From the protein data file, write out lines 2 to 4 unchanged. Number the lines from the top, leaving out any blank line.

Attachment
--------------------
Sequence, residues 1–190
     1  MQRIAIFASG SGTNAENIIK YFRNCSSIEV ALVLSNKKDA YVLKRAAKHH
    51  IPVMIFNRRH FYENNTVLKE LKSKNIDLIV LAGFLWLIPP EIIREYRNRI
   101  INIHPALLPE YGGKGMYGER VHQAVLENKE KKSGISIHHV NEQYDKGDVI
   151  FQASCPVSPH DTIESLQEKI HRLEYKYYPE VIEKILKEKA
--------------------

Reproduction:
     1  MQRIAIFASG SGTNAENIIK YFRNCSSIEV ALVLSNKKDA YVLKRAAKHH
    51  IPVMIFNRRH FYENNTVLKE LKSKNIDLIV LAGFLWLIPP EIIREYRNRI
   101  INIHPALLPE YGGKGMYGER VHQAVLENKE KKSGISIHHV NEQYDKGDVI